Thursday, October 24, 2013

Luke 8-10

Scripture connections: Matthew12-14,16-18Mark 3-9

Praying.  Teaching.  Loving.  Forgiving.  Healing.  That's Jesus.  Luke 8-10 repeats many of Jesus' teachings that we need to hear again and again.  There's "The Parable of the Sower," and "A Lamp On a Stand," Jesus calming the storm, and feeding the five thousand.  Jesus works more miracles in those He meets.  He drives out demons, raises a girl from the dead, and heals the bleeding woman.  This is also when Jesus is transfigured on a mountain.  Lots of powerful, Godly moments are happening.  Through all these stories, every time we hear God's word, we deepen our relationship with Him and grow in our understanding of His awesome character and will for our own lives.  

I want to turn my attention today to an argument the disciples have about who is the greatest among them.  
This is a natural human tendency, I think.  Even if we don't talk about it, we all, to some degree, fight a superiority/inferiority complex in some way.  Jesus' response is awesome and unpredictable,

For it is the one who is least among you all who is the greatest.

I think one of the best illustrations of this Christian principle in the Bible is the parable of "The Good Samaritan."  This is another one of those well-known Bible stories for all ages (there's a great YouTube cartoon of this story for young children).  Yet, it's not well-known enough.  The big picture is that those with the most resources and position to help are the ones who help the least.  The one least likely to do good for God, does the most, gives the most, loves the most.  It makes you think, who really has the most faith?  For sure, a strong faith is not about knowledge or resources.  It's about how we actually face our reality, how we react to what is right in front of us.  This story reminds us to think about acts of mercy we have freely given lately.  Are you most like the priest and the Levite, so busy you don't notice God's call to meet someone's desperate need for God's grace?  Or, are you like the Good Samaritan who willingly puts aside his own agenda and cultural norms to be God's hands and feet in the world?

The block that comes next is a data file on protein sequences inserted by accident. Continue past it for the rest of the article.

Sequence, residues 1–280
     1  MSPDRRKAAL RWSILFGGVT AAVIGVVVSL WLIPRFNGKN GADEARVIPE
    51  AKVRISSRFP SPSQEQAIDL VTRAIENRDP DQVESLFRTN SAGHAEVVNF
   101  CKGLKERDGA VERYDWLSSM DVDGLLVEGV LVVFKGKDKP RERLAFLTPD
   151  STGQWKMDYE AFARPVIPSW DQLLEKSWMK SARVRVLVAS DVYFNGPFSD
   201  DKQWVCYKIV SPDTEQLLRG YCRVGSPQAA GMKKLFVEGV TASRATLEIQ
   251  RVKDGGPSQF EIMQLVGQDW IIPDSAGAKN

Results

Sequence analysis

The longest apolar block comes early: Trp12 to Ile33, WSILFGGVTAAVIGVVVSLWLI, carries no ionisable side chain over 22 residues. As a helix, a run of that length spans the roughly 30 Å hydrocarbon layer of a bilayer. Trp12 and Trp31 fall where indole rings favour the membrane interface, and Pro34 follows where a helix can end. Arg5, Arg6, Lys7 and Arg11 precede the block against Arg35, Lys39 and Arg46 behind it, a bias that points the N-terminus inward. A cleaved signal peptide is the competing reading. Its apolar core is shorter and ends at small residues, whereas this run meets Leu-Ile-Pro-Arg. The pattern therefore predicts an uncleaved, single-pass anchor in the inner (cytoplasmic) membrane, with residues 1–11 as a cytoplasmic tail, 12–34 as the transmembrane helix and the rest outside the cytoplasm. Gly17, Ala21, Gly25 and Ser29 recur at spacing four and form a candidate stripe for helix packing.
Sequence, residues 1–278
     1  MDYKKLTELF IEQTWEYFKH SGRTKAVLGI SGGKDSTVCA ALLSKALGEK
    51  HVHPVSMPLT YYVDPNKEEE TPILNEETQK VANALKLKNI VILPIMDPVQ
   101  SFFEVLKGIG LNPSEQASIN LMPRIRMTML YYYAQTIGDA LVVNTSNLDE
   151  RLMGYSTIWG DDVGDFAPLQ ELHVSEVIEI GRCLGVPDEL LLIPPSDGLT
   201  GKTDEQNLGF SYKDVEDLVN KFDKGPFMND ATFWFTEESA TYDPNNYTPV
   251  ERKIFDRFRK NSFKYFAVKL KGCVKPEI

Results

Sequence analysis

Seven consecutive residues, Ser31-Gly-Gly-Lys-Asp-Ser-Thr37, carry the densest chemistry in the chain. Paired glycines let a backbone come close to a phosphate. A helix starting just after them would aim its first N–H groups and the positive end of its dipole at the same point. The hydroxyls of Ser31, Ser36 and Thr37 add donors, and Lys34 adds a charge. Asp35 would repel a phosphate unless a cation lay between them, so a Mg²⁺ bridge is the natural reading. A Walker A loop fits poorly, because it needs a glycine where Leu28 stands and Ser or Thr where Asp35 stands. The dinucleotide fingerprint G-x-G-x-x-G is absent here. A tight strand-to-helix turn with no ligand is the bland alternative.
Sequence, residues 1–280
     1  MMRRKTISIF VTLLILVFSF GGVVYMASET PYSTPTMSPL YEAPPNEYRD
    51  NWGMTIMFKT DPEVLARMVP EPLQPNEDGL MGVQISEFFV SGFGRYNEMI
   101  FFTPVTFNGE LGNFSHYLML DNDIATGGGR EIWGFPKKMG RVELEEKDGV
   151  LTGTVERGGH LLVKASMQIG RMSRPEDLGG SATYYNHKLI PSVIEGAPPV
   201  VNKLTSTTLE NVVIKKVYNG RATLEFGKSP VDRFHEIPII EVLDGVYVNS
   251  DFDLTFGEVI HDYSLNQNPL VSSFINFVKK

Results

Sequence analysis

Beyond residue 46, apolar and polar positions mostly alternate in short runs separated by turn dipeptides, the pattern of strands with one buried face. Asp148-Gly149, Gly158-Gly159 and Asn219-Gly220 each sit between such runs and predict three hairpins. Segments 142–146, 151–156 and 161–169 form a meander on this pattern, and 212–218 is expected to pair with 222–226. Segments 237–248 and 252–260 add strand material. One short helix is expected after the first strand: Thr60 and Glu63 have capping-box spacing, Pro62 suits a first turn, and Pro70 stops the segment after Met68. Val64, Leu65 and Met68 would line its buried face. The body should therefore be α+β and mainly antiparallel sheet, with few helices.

We are all called to be most like the Good Samaritan, serving others like Jesus, not so that we can become great in the eyes of God, but so that others see and experience Christ's love through us.

A prayer for today-

Dear God,

Thank you for all that you teach me about your mercy and grace through Jesus and the story of The Good Samaritan.  Thank you for filling my life with Your mercy and grace.  I pray for all the people who are hurting, broken, and in need of your saving love in their lives.  Forgive me for missing opportunities to give your awesome, unconditional love to others.  Open my heart to those who need to experience Christ through my actions.  Guide me in doing Your work today and in all the days to come.

In Jesus' name I pray,

Grace and peace,

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